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Do prices affect the quality of care in the hospital setting?

This study aims to provide an overview of the existing evidence regarding how price affects the quality of care in the hospital setting. We find that the relationship between cost/price and the quality of care seems to depend on the condition and specific resource utilization. This project has received funding from the European Union’s Horizon 2020 research and innovation programme under the Marie Skłodowska-Curie Grant Agreement No 721402.

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Limited empirical evidence exists regarding the effect of price/price changes on hospital quality of care. Drawing upon evidence suggesting that a link exists between cost and quality appears to be fruitful because DRG prices in most countries are based on hospital cost information such that costs and prices are closely related. This study aims to provide an overview of the existing evidence regarding how price affects the quality of care in the hospital setting. Therefore, we conduct a literature review of studies analyzing the association between price and the quality of care in hospitals. To date, only one systematic review performed by Hussey et al. (2013) has analyzed the association between cost and the quality of care; however, some questions remain unanswered. First, their review only focuses on the association between cost measures and the quality of care; these authors do not consider price/reimbursement. Therefore, an overview of the price-quality relationship is lacking. Second, these authors exclude studies involving non-US data sources. Therefore, an overview of cross-country comparisons is lacking. Finally, an overview of whether the results differ depending on the clinical condition is lacking. This study addresses these gaps in the literature and considers studies published since 2012, substantially increasing the quantity of evidence. Searches for literature related to the effect of hospital cost and price on the quality of care, including studies published between 1990 and March 2019, were carried out using four electronic databases, namely, PubMed, Scopus, EconLit, and ScienceDirect. On the basis of the inclusion and exclusion criteria, 22 articles were included through the systematic search. In addition, 21 studies included by Hussey et al. and four initial studies investigating the ‘price-quality’ relationship were added to our final review (i.e. a total of 47 studies). The extracted data included the articles’ title, author, year of the study, the country in which the study was conducted, samples and years of data collection, study design, clinical condition(s) investigated, types of quality measures, types of cost/price measures, methodological approach, and the direction of the association/causality between hospital cost/price and the quality of care. The quality of care was assessed using different outcome and process indicators. The outcome indicators comprised the following five main categories: mortality, readmission, complication, composite measures, and quality of life indexes. The primary study outcome of interest was the direction and statistical significance of the reported association between the hospital cost/price and the quality of care. We evaluated the direction of the association by indicating whether the association was (significantly linear/nonlinear) positive, (significantly linear) negative, (significantly) U-shaped/inverted U-shaped, or not significant. We find highly mixed evidence of the association. Overall, 74 (33%) associations between the unit cost/price and the unit quality were significantly positive, 33 (15%) associations were significantly negative, 11 (5%) associations were significantly U-shaped/inverted-U-shaped, and 105 (47%) associations were not significant. One potential explanation is the multiple ways that price and cost can relate to the quality of care. Another explanation might be the high heterogeneity across the included studies. Most notably, the overall pattern of the relationships between hospitals’ price-quality and cost-quality were quite similar. Indeed, some variations can be explained by the studies’ characteristics. In particular, we find that the proportion of studies that detected a significantly positive association is higher when a) price/reimbursement is used; b) process measures are used; c) the focus is on AMI, CHF, and stroke patients; and d) the methodological approach used to address confounding is more sophisticated.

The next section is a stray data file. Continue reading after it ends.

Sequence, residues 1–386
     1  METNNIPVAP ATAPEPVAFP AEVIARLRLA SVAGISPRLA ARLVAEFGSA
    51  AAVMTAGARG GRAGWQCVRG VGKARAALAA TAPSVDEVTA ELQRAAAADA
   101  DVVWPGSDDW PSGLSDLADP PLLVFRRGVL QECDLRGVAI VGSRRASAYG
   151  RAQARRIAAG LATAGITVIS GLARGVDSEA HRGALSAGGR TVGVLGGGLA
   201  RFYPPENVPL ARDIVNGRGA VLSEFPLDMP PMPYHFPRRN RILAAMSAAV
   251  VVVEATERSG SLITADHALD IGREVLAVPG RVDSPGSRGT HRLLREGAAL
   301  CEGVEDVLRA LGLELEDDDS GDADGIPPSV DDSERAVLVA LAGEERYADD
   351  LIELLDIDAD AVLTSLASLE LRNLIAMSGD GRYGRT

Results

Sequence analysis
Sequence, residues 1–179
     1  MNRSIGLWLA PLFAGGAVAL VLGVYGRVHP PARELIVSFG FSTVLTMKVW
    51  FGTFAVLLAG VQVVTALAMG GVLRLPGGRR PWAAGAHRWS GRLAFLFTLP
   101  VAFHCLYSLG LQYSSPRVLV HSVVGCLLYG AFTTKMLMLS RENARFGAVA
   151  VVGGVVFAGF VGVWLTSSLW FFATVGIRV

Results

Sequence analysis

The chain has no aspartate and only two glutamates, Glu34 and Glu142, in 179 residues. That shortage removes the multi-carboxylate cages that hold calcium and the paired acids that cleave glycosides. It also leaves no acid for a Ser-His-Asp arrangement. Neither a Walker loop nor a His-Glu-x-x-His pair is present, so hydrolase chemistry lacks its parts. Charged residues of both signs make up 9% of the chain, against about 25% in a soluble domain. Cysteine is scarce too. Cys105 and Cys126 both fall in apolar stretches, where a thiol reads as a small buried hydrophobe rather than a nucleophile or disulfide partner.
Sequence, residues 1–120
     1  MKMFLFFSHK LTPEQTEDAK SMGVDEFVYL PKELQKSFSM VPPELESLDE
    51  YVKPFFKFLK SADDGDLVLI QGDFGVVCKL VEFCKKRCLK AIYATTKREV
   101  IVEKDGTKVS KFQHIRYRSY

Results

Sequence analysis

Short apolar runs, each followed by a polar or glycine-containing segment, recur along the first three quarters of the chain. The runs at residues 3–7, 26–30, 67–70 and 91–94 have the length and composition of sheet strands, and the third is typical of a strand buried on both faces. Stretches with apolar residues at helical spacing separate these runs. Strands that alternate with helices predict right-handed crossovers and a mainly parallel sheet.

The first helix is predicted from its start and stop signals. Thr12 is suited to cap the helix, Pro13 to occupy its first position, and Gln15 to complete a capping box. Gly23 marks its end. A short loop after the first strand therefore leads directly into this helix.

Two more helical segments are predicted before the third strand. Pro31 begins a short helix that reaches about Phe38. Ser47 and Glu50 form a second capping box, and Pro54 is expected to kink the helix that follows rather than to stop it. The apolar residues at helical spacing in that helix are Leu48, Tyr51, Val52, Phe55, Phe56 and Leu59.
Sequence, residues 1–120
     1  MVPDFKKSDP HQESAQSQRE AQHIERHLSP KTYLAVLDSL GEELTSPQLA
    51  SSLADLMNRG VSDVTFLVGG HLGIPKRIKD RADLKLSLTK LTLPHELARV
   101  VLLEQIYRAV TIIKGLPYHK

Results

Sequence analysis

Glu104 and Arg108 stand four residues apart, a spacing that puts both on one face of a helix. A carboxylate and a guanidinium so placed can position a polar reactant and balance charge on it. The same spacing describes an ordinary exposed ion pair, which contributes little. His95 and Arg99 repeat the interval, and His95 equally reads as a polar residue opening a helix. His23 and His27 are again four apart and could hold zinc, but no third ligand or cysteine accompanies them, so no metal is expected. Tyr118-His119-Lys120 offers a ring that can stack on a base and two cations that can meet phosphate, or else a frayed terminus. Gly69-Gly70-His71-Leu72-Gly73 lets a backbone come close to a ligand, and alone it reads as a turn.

health, cost/price, quality of care